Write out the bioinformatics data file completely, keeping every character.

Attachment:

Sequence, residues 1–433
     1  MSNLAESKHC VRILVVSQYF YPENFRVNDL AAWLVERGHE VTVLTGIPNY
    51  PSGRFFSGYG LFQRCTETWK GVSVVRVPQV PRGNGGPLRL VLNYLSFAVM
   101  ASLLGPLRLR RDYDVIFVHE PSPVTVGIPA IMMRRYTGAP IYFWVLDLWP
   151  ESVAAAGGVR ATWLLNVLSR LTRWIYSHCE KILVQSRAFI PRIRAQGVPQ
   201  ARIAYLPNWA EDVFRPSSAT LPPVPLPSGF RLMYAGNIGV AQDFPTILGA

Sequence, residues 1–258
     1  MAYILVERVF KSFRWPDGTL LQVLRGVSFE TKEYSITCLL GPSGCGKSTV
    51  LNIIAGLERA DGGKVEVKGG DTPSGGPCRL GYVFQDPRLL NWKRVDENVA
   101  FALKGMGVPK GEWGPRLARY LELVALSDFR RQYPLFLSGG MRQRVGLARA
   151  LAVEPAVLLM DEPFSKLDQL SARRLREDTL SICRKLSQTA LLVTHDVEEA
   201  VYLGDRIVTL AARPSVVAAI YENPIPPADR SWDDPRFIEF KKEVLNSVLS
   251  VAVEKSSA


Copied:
Sequence, residues 1–433
     1  MSNLAESKHC VRILVVSQYF YPENFRVNDL AAWLVERGHE VTVLTGIPNY
    51  PSGRFFSGYG LFQRCTETWK GVSVVRVPQV PRGNGGPLRL VLNYLSFAVM
   101  ASLLGPLRLR RDYDVIFVHE PSPVTVGIPA IMMRRYTGAP IYFWVLDLWP
   151  ESVAAAGGVR ATWLLNVLSR LTRWIYSHCE KILVQSRAFI PRIRAQGVPQ
   201  ARIAYLPNWA EDVFRPSSAT LPPVPLPSGF RLMYAGNIGV AQDFPTILGA

Sequence, residues 1–258
     1  MAYILVERVF KSFRWPDGTL LQVLRGVSFE TKEYSITCLL GPSGCGKSTV
    51  LNIIAGLERA DGGKVEVKGG DTPSGGPCRL GYVFQDPRLL NWKRVDENVA
   101  FALKGMGVPK GEWGPRLARY LELVALSDFR RQYPLFLSGG MRQRVGLARA
   151  LAVEPAVLLM DEPFSKLDQL SARRLREDTL SICRKLSQTA LLVTHDVEEA
   201  VYLGDRIVTL AARPSVVAAI YENPIPPADR SWDDPRFIEF KKEVLNSVLS
   251  VAVEKSSA